UFC 148: Is Chael Sonnen the Ultimate Head Case in MMA?

Kyle Symes@ksymes88Correspondent IIIJuly 10, 2012

Photo by: Mark J. Rebilas-US PRESSWIRE
Photo by: Mark J. Rebilas-US PRESSWIRE

Chael Sonnen is quite the polarizing figure in MMA. Igniting both a chorus of boos and a roomful of applause at the same time, Sonnen is a name that always elicits a response from MMA fans. That was never more true than during the epic UFC 148 event.

Sonnen spent the past two years verbally beating UFC Middleweight Champion Anderson Silva through the media. Up until a week prior to the event, Silva remained relatively quiet. In the UFC 148 conference call, Silva exploded on Sonnen with verbal threats.

The response from Silva only heightened the anticipation for his climatic rematch with his rival. The main event at UFC 148 lived up to the hype as Sonnen dominated the champion for the entire five minutes of the opening round.

The second round is where everything seemed to change. Like an episode of The Twilight Zone, Sonnen just didn't seem himself. A failed takedown attempt lead to the wrestler being forced to strike with the champion.

One spinning back fist whiff later and Sonnen found himself sitting on his rear end, looking up at his adversary walking over to deliver a devastating knee. The image of Sonnen sitting in the cage while Silva strolled over to him is literally worth 1,000 words.

After such a dominating first round, where did it all go wrong for Sonnen?

It wasn't the spinning back fist, the legal/illegal knee, the grease, the shorts grabbing or any other moves that caused Sonnen to lose. It was the man himself.

Sonnen had effectively moved past the disastrous end to his bout at UFC 117 with a solid win over Brian Stann and showed some toughness by overcoming a slow start against Michael Bisping back in January.

With all the confidence in the world, Sonnen seemed destined to learn from his mistakes and capture the UFC title that had eluded him in 2010. But once again, a disaster ensued in what should've been a moment of triumph.

Just take a look at Sonnen's performance at UFC 148. The challenger stormed into Silva and immediately secured a takedown. The ground fighting that followed seemed a bit odd.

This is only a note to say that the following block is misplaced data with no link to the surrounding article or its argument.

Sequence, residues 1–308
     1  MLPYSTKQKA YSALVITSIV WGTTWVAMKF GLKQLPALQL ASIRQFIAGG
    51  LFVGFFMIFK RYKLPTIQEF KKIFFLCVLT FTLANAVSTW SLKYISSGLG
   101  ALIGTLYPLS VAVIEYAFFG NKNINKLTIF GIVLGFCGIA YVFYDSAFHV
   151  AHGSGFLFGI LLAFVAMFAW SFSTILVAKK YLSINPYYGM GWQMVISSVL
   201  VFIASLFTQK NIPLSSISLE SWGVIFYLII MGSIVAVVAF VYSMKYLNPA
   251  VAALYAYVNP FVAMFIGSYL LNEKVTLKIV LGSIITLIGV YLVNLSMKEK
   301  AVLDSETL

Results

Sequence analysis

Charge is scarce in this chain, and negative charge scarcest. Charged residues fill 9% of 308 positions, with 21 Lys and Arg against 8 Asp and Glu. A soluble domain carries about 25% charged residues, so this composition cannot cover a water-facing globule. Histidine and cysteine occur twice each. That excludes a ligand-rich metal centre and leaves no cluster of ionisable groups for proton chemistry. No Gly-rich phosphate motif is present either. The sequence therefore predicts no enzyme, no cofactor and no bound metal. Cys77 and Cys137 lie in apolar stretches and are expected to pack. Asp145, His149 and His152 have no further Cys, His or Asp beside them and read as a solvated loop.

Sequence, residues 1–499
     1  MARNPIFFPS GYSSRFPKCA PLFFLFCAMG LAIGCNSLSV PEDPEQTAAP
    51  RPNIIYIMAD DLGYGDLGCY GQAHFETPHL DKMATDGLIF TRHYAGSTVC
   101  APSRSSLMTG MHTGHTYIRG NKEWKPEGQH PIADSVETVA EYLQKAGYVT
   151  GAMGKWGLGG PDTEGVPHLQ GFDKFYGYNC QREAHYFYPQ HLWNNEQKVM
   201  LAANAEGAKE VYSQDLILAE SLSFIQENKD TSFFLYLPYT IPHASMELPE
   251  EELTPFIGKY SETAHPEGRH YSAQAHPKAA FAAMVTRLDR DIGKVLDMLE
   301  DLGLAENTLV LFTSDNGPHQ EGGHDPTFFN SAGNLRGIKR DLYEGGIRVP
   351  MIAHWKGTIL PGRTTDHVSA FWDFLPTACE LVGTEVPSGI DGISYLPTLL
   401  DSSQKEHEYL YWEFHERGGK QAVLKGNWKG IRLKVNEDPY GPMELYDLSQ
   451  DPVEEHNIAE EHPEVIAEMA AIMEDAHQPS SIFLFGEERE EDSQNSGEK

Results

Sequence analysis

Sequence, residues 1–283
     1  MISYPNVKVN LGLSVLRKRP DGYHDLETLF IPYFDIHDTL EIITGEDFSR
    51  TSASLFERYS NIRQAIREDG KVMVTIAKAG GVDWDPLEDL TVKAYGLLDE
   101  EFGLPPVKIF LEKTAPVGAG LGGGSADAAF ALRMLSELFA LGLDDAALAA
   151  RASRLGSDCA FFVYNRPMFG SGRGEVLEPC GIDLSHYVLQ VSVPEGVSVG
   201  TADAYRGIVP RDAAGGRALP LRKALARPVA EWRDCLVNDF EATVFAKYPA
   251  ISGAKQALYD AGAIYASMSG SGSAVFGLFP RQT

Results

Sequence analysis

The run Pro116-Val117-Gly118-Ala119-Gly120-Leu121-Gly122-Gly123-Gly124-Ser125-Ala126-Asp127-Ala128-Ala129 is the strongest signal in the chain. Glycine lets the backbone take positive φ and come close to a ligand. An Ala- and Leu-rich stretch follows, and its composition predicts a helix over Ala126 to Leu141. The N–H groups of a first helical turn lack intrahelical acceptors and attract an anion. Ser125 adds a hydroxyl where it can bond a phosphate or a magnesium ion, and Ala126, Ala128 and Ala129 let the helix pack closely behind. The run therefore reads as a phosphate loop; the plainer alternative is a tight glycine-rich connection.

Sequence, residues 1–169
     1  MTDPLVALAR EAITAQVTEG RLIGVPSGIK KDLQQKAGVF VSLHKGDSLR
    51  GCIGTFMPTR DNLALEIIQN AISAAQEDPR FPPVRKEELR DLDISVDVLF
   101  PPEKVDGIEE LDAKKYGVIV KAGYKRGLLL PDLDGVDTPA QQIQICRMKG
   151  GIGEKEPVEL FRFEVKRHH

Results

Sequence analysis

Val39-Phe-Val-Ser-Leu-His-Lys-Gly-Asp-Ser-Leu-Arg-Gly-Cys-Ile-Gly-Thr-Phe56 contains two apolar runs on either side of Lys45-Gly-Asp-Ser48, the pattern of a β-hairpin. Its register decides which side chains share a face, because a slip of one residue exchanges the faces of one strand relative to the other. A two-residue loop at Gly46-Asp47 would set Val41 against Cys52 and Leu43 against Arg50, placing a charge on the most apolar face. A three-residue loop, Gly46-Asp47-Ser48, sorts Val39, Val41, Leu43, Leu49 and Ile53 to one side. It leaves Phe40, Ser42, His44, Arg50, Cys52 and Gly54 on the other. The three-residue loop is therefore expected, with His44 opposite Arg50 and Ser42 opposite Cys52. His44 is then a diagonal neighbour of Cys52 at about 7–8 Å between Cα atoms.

Silva seemed almost content to lay there and hold on, waiting for a stand up from the referee. There was a moment where it seemed he practically dared Sonnen to take a submission attempt while offering little resistance from the bottom.

Sonnen was even able to secure the mount position with little over a minute left in the round. Instead of sitting up to rain down power punches and possibly secure a first round stoppage, Sonnen just lay there. The challenger had already maneuvered into the most dominant position.

Perhaps the recent quotes from Dana White give a little insight as to why Sonnen may have chose to hold on instead of attack.

"In that first round, when I was on top of him, and I was hitting him with those big elbows, I felt him break. I broke him in that first round. He came back in that second round and destroyed me. I've never seen anybody do that ever." (BleacherReport.com)

How do you "break" someone and then let them come back like that? How can you secure the full mount with a minute left and do virtually no damage? Why attempt a spinning back fist?

It's clear that something isn't right in Sonnen's head. I don't mean with his "Chael P. Sonnen" persona but with Sonnen the athlete. A monumental collapse like Sonnen had against Silva rests with the challenger himself.

Silva didn't win that fight; Sonnen lost it.

Guys like Luke Rockhold and others may point to Silva grabbing Sonnen's shorts or greasing as to why Sonnen lost, but they're sadly mistaken.

Sonnen lost that fight before ever stepping into the Octagon.